w w w . L a w y e r S e r v i c e s . i n



Bhagwati Devi, New Delhi v/s Max Heard & Sascular Institute & Others


Company & Directors' Information:- MAX INDIA LIMITED [Active] CIN = L85100PB2015PLC039155

Company & Directors' Information:- MAX INDIA LIMITED [Active] CIN = U85100PB2015PLC039155

Company & Directors' Information:- MAX CORPORATION LIMITED [Amalgamated] CIN = U24231PB1996PLC018766

Company & Directors' Information:- MAX INDIA LTD [Amalgamated] CIN = U24232PB1982PLC004841

Company & Directors' Information:- P G MAX PRIVATE LIMITED [Strike Off] CIN = U22219KL2012PTC031856

Company & Directors' Information:- MAX I. LIMITED [Active] CIN = U74999PB2016PLC045450

    Revision Petition No.10 of 27

    Decided On, 03 September 2010

    At, Delhi State Consumer Disputes Redressal Commission New Delhi

    By, THE HONOURABLE MR. JUSTICE B.A. ZAIDI
    By, PRESIDENT & THE HONOURABLE MR. M.L. SAHNI
    By, MEMBER

    For the Appearing Parties: -------.



Judgment Text

M.L. Sahni, Member (Judicial), J.

1. This revision petition is directed against the Interim order dated 21.04.2010 in complaint case no. 268/2008 whereby the application of the OP/respondent was allowed for referring the questions regarding medical negligence on the part of the OP/respondent to a Board of Doctors of any Government Hospital for medical opinion in view of law laid down in case of Martin F. D’Souza Vs Mohd. Isfhaq AIR 2009 SC 2049.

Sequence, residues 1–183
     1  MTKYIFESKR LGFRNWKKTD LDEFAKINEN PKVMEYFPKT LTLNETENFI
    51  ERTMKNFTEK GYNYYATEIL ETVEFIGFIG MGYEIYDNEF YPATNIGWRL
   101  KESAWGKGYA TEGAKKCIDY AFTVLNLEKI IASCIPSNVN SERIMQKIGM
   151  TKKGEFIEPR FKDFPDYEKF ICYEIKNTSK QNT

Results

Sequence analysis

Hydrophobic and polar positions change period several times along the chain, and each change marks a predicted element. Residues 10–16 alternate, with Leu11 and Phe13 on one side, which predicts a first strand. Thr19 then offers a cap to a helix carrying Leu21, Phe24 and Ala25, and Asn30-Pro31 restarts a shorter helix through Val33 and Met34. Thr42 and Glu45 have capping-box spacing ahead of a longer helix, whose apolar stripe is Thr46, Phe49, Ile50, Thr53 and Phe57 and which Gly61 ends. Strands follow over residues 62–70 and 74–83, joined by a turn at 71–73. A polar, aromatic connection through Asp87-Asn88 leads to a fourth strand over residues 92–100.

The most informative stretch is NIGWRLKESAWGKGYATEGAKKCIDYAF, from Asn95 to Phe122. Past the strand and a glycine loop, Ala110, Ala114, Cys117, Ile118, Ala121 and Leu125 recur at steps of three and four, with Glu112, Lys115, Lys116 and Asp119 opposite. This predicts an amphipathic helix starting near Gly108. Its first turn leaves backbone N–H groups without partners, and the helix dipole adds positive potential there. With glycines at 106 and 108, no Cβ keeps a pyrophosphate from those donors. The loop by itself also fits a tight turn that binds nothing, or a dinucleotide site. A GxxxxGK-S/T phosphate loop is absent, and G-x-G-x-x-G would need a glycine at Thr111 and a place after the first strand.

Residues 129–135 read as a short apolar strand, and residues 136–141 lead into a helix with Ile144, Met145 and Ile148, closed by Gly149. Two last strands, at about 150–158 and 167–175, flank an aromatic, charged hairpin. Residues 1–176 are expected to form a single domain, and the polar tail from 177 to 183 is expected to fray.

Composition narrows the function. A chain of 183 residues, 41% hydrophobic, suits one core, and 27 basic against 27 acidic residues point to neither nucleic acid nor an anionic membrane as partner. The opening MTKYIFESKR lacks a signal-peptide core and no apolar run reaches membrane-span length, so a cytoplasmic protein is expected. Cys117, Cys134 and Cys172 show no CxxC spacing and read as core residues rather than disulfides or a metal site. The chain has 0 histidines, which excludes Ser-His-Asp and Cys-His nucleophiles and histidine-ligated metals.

2. The contention of the appellant/complainant before the District Forum was that the above said judgment does not pertain to pending cases but is applicable only to new cases where the complaint have been filed on the ground of medical negligence and the complaint would be admitted only after obtaining the expert’s report of medical faculty.

3. We have heard the Ld. Counsel for the appellant/complainant and we find no merit in this contention especially in view of latest judgment of the Hon’ble Supreme Court passed in Civil Appeal No. 1385 of 2001 decided on 02.10.2010.